Posts Tagged ‘recognize’

5 Things I Learned From People With Alzheimer’s

Friday, February 21st, 2014

1.    Pets, children, music and art may reach them on levels we cannot: I have experienced numerous examples of the positive effects these things can have on people with Alzheimer’s. Sometimes pets, children, music or art can bring about connections even with people who no longer talk or recognize their loved ones.

2.    Just because they don’t talk doesn’t mean they aren’t perfectly aware of what’s going on around them: One of my ladies didn’t talk anymore so when I visited I just held her hand and talked to her softly. When I told her she must be very proud of her daughter she adamantly shook her head from side to side, indicating ‘no.’ That told me she understood perfectly well what I was saying.

 3.    Correcting them about something will probably either embarrass them or else start a big argument: To avoid embarrassing the person or, even worse, to avoid a major argument, try agreeing with whatever they say, even if it’s wrong. It takes some time to master this approach, but it is usually successful.

4.    They can still enjoy life: Many people assume that people with Alzheimer’s can’t enjoy life. However, several experts I interviewed unanimously agreed that although Alzheimer’s is a terrible disease, people who have it can and do still have the capacity to enjoy life.

5.    People with Alzheimer’s may remember past love and also experience love in the present: Once I showed Ed an old picture of us together. He said, “Ah . . . She loved me.” He didn’t realize I was the woman in the picture but he remembered that she had loved him.

 

Why You Should Keep Visiting Loved Ones With Dementia – Even If They Don’t Recognize You

Thursday, October 3rd, 2013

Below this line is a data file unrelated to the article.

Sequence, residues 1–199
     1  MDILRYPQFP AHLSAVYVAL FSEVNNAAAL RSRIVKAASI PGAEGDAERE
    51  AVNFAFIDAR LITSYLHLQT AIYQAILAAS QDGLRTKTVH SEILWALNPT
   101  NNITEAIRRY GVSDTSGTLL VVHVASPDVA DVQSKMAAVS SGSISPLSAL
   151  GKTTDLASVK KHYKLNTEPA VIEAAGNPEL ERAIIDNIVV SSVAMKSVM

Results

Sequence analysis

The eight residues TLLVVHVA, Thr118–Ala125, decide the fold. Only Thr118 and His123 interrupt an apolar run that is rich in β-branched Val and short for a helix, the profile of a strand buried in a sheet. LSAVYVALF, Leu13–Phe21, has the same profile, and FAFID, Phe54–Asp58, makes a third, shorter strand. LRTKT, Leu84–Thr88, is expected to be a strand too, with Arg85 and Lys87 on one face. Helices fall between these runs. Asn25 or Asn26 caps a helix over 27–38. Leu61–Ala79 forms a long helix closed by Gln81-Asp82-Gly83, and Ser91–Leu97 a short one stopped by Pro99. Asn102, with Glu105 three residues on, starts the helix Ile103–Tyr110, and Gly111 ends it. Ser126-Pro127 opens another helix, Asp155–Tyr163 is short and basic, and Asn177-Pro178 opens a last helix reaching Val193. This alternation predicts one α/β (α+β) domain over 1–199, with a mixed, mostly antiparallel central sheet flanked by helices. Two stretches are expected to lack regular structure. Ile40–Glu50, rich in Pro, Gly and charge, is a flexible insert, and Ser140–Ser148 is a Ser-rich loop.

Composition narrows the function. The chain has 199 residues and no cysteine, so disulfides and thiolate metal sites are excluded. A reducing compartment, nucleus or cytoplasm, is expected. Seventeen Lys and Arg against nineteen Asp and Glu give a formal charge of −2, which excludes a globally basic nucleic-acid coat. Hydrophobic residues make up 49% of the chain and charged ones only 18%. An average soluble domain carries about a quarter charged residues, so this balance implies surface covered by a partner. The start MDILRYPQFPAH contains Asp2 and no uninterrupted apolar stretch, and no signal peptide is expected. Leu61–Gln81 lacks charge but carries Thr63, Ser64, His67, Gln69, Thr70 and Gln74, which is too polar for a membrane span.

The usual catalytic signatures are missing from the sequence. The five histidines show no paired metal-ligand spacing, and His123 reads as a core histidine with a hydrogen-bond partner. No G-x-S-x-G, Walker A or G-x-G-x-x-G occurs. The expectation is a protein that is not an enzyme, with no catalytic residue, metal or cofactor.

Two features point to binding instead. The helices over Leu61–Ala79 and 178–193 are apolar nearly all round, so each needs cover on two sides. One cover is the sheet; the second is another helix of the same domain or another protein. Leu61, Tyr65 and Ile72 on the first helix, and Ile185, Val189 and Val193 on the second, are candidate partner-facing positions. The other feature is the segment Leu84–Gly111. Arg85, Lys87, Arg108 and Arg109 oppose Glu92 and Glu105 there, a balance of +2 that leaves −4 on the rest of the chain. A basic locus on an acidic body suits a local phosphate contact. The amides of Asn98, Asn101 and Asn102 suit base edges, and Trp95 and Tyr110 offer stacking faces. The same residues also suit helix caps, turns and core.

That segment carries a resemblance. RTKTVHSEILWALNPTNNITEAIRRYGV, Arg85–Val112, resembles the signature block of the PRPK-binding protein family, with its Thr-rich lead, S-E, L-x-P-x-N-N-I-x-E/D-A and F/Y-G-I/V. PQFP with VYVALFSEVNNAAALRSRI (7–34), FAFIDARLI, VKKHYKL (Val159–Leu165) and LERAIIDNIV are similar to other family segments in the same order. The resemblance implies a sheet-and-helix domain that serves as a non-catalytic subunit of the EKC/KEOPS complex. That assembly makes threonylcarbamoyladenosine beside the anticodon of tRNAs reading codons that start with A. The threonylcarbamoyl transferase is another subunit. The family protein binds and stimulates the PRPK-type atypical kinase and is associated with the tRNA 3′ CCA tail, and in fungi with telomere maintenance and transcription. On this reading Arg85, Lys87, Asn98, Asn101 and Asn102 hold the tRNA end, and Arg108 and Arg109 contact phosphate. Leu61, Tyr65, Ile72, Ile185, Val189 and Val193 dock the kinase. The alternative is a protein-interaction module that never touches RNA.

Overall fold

Here are some reasons to keep visiting loved ones with dementia, even if they don’t recognize you:

1)    They May Recognize You but Not Be Able to Express it

It’s always possible that your loved ones do recognize you but are just not be able to show it.

I had a personal experience which I believe demonstrates this. Doris, a lady I volunteer to visit, was so frail that the most I could do with her was hold her hand. She never showed any sign of recognizing me from my previous visits.

Then one day as I was holding her hand she put her other hand on my arm and began caressing it. I had the distinct feeling that she remembered me. I don’t think she would have been so openly affectionate with a total stranger.

2)    They May Remember How Often You Visit Even if They no Longer Recognize You

I was speaking at an Alzheimer’s family support group recently. A man there told me that he visited his wife, who had advanced-stage dementia, nearly every day even though she didn’t recognize him.  But whenever he missed a day, she’d always say, “You didn’t come yesterday.”

 3)    They May Enjoy Being Visited, Even if They Don’t Know Who You Are

Although Ed, my Romanian life partner with dementia, always recognized me, he had many visitors he didn’t remember. I observed some of these visits and it was always perfectly obvious that he enjoyed spending time with them.  When they were there he’d often hold hands with one of them the whole time. And he’d have a long, pleasant talk with them.

4)    You May Feel Gratified That You’ve Given Them Pleasure

Although the main focus of your visits are your loved ones, you might find there’s an unexpected benefit for you, too. You may initially feel hurt or frustrated that they don’t remember you, but if you can get over that hurdle and if it’s clear that they enjoy the visit, you will probably feel gratified that you gave them that pleasure.